Last fall, after it emerged that violations of NCAA rules had become the focus of a wide-ranging FBI probe, the NCAA named Condoleezza Rice the chairwoman of a reform group packed with administrators, coaches, and former players. The NCAA’s Commission on College Basketball report came out Wednesday.
There are no surprises here. The only thing that would’ve been surprising is also the only thing that would solve college basketball’s problems.
The commission does not suggest letting players make money. This is the only thing that could come close to cleaning up the messes the NCAA says it’s worried about stopping.
The NCAA asked for this report after 10 men connected to the men’s game — including four coaches at power-conference schools — were the subject of indictments unveiled in September. The government alleges a variety of fraud and bribery schemes, including two centered around agent types paying coaches bribes to steer players to their businesses.
The NCAA doesn’t let players collect money for their talents. The NCAA’s ban on player pay is the root for all of the actual crimes the feds are alleging. If players get paid above the table, they get paid less under it. There’s less incentive to launder money and commit fraud, like the government alleges in these cases.
The commission doesn’t make some obvious suggestions to help players, even ones that wouldn’t require schools to pay them.
The commission bats around an adaptation of the Olympic model, in which players would be allowed to profit off their own athletic likenesses even as schools don’t pay them. But it stops short of embracing even that easy step.
Rice’s group also says the NCAA’s sit-one-year transfer rule should remain in place. The NCAA might change that rule for players who reach a certain GPA requirement, but even that doesn’t go far enough to give players the same freedom of mobility as their coaches.
The ideas the commission does offer are a mix of good and bad:
- The NBA and its players union end the league’s 19-year-old age minimum.
- Letting players go all the way through the NBA Draft and then return to college if they’re not drafted. Right now, players have to withdraw from the draft beforehand to retain NCAA eligibility.
- Letting players and recruits consult with NCAA-certified agents so they can get a better sense of their professional chances. The NCAA has already moved in this direction for baseball and men’s hockey, though only for high schoolers on their way to college.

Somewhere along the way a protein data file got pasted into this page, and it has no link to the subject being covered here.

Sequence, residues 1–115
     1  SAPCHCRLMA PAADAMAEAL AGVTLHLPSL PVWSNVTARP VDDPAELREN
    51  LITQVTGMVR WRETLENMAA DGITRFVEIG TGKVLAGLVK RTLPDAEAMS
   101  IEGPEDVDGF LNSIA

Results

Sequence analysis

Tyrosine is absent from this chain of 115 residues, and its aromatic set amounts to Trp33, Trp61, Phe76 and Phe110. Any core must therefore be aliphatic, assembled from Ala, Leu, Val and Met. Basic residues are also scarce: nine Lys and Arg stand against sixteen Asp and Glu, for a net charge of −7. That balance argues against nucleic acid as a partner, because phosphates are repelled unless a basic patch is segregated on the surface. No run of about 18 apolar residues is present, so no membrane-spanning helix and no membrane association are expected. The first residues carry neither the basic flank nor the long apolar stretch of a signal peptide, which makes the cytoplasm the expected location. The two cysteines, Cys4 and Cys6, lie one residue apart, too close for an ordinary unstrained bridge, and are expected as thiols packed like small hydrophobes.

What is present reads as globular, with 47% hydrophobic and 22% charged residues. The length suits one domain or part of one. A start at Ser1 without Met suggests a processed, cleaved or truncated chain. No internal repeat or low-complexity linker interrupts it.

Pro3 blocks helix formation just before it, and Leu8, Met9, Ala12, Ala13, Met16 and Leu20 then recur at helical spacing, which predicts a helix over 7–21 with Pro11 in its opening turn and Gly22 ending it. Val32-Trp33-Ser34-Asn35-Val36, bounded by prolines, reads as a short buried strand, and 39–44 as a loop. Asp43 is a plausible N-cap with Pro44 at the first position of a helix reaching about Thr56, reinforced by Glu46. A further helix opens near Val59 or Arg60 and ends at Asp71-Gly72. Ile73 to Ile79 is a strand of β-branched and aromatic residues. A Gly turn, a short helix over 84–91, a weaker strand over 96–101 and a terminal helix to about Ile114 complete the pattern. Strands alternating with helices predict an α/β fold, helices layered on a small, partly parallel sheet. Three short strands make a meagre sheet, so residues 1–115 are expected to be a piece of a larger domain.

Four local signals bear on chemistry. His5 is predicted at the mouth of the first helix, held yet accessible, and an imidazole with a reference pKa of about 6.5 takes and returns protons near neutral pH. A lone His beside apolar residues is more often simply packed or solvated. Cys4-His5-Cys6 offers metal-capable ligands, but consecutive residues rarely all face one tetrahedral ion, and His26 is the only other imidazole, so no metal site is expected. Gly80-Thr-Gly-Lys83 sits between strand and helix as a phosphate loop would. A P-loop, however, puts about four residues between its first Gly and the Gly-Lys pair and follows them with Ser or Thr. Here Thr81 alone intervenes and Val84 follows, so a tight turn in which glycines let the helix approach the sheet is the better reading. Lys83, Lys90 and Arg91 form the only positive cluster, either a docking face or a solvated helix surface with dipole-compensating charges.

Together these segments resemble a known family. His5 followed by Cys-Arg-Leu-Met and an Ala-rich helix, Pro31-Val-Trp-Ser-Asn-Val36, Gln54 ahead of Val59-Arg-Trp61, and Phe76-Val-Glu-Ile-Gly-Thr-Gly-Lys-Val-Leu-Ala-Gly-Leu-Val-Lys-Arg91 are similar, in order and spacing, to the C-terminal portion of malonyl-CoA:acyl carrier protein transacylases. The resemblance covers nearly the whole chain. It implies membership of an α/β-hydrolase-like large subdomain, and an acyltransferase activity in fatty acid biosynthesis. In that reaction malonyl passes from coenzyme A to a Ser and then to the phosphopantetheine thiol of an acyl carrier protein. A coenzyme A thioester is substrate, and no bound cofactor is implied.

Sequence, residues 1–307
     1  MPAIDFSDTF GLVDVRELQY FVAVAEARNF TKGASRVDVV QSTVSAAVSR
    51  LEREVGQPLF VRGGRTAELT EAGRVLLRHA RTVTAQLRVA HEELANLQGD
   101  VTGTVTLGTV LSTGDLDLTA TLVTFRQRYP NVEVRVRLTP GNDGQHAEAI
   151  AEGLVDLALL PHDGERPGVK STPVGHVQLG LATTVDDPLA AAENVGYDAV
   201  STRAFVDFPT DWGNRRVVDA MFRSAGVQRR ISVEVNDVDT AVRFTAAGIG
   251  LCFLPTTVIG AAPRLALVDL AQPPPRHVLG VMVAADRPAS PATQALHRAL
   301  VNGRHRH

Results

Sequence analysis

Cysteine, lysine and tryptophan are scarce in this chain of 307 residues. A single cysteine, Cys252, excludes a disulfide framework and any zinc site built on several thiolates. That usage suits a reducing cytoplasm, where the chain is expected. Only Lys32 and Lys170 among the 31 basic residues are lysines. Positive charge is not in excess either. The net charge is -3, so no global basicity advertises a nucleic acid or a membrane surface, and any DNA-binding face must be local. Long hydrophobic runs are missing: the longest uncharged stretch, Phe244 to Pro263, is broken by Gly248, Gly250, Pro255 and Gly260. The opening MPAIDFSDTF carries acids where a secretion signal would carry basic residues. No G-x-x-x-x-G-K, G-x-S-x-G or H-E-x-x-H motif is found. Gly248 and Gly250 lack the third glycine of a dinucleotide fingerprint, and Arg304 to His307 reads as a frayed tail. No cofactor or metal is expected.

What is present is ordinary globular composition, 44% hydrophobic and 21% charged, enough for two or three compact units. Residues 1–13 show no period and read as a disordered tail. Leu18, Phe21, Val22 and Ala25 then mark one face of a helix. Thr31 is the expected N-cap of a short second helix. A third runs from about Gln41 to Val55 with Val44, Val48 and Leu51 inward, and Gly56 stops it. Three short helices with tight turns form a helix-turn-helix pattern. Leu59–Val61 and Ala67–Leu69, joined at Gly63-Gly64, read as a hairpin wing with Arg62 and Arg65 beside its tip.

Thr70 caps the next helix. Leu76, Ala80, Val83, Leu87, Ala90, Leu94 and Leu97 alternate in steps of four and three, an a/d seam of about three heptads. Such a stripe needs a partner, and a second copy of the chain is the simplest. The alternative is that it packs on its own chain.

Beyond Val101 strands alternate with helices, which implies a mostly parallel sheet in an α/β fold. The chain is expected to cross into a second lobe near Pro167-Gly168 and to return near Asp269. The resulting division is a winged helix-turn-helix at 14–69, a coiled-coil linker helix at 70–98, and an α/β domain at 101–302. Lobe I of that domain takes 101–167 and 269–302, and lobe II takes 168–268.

- The NCAA establish a fund to pay for the remaining education of players who want to come back to school after leaving early for the draft. Notably, it suggests players only be eligible if they’ve completed two years toward a degree. Many athletic departments already make this guarantee to players, but there’s no NCAA standard.
- An overhaul of the NCAA’s equivalent to the judicial system, away from the volunteer-staffed Committee on Infractions and toward a more professionalized process.
- Harsher punishments for violations of NCAA rules.
- The NCAA take some control over AAU basketball, requiring that college coaches only go to AAU events if their finances are in order and they have “educational components.” Along with that, it suggests the establishment of NCAA youth programs.
- “Enlisting” the big shoe companies to be more transparent.
- Recruiting rule changes to “reduce the influence of third parties.”
- Adding more “public members” — people not currently working for schools or the NCAA — to the NCAA’s Board of Governors.
The NBA’s age minimum really is bad, and bringing agent contact with athletes into the light can only be a good thing. AAU basketball really is a Wild West, and regulating it might be good, though the NCAA might be terrible at doing it. It’s a good thing to guarantee long-term scholarship money for athletes who turn pro before graduating, and it’s a good thing to let undrafted players come back to college hoops.
But at its core, this report is an exercise in maintaining the status quo.
Players are the labor in a national tournament that’s worth more than $1 billion per year in television money alone. Players are the product at the center of all college sports’ pride and pageantry. The best players in the country know what they’re worth, and they know the NCAA doesn’t want them to get it. Unless the rules change, they’ll keep getting broken.